Dr Tarik Sabry
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I am a Reader in media and communication theory at the University of Westminster where I am a member of the Communication and Media Research Institute and Director of the Arab Media Centre.
I am the author of Cultural Encounters in the Arab World: On Media, the Modern and the Everyday (2010, I.B. Tauris); Editor of Arab Cultural Studies: Mapping the Field (2012, I.B. Tauris) and Co-Editor of Arab Subcultures: Reflections on Theory and Practice (I.B. Tauris 2016).
I am Co-Founder and Co-Editor of the Middle East Journal of Culture and Communication and Co-Founder of the journal Westminster Papers in Communication and Culture. I am currently working on a co-edited volume entitled: Arab Cultural Temporalities: Media, Publicness and Post-Modernity (I.B. Tauris 2017) and a co-authored book entitled: Children And Screen Media in Changing Arab Contexts: An Ethnographic Perspective (2018).
My research interests include Arab audiences, Arab children and the media, Arab popular cultures, Arab contemporary philosophical thought and cultural policy. I conducted a number of ethnographic studies exploring the relationship between global media and the dynamics of hybrid identities in Egypt, Lebanon and Morocco.
I have recently finished working on two separate ethnographic research projects: the first was an AHRC, three-year (2012-2015) research project focusing on children and the media in the Arab world. The second was a two-year (2013-2015) research project, funded by ACSS (Arab Council for the Social Sciences) focusing on media, publicness and time in contemporary Arab societies.
Since 2003 I have led 10 different Media Studies modules. My subject expertise is International migration, Arab popular cultures, tans-national audiences and the philosophy of communications. I led one of the two core 30 credit Level 4 modules, Story, Sound Image and Text, taught over two semesters for over 160 students. I also co-led the BA dissertation module for 4 years. This module has the highest credit rating in the degree (45 credits). I am now teaching an MA module entitled: Media Audiences, which provides a global overview of media audience research, focusing on cases from Africa, China, Europe, the US, Japan and the Middle East. In 2014-2015 I will be co-leading a new core undergraduate module entitled: Media, Time and Space.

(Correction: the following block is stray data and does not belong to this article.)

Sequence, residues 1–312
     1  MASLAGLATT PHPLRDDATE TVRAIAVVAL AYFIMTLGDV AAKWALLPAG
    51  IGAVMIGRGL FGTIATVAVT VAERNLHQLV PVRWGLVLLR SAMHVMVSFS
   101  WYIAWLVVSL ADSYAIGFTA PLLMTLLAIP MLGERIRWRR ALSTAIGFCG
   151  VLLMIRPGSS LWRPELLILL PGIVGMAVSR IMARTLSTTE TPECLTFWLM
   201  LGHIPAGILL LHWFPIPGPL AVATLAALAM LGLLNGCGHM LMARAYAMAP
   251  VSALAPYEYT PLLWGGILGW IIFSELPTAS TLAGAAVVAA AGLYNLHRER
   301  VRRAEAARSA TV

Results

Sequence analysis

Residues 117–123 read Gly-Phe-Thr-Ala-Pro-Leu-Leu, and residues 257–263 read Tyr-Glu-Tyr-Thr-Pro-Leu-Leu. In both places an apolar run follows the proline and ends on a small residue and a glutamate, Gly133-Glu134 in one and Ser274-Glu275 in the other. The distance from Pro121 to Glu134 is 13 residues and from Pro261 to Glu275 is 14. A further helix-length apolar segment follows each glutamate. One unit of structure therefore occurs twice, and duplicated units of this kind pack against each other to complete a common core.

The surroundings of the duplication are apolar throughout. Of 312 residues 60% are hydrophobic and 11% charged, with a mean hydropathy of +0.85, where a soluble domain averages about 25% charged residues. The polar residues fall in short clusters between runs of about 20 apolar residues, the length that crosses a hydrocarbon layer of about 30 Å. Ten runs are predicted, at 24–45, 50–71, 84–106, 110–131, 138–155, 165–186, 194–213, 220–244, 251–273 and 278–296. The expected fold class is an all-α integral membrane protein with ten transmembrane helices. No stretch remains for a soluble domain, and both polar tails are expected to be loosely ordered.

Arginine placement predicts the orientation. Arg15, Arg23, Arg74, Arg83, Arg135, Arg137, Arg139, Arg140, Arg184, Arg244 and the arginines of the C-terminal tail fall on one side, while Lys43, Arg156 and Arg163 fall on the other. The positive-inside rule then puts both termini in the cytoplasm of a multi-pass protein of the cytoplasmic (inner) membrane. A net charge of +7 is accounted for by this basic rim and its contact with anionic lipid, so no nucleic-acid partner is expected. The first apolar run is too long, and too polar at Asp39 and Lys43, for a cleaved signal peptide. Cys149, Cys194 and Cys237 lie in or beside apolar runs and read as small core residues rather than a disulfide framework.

Children and the media in the Arab world
I am Co-Investigator with Professors Sakr and Steemers in an AHRC funded three-year research project (2012-2015). The award brought £419.000 to the school of Media, Arts and Design. Entitled 'Orientations in the Development of Pan-Arab Television for Children', it is funded by the Arts and Humanities Research Council (AHRC) for the period 2013-15 inclusive. The project covers the production, distribution and reception of Arabic-language satellite TV programmes for children. It aims to investigate changes in the creation, commercialisation and reception of pan-Arab television for children over the last 15-20 years, paying particular attention to the decade since 2000.
Producing publics in contemporary Arab spaces
I am both researcher and research coordinator on a two-year research program (2013-2015) funded by ACSS (Arab Council for the Social Sciences) focusing on the following aspects of the public and the interrelations between them: a) The conditions and factors that shape public life in Arab societies, including its cultural, religious, political and socioeconomic aspects, b) the ways in which individuals and groups participate in public, including their desire and ability to change the quality of public life and c) The spaces and mediums through which such participation takes place. The broad rubric of "the public in Arab societies" will enable projects to examine political, social and cultural issues in relation to one another while focusing on specific topics.
Media, activism and the new political: Interasian perspectives
I am research coordinator on a two-year programme (2013-2015) funded by SSRC (Social Science Research Council) focusing on the interrelationship between media and politics within and across Inter-Asia, a spatially and historically networked region stretching from the Middle East through East Asia. A central question concerns how the new networks of mobile, social and digital media alter capabilities of physical "amassment" and "amplification"-the spontaneous scaling up or conversion of individuals into collective, visible, and vocal public presences-and whether and how they can unsettle and even overturn established political orders.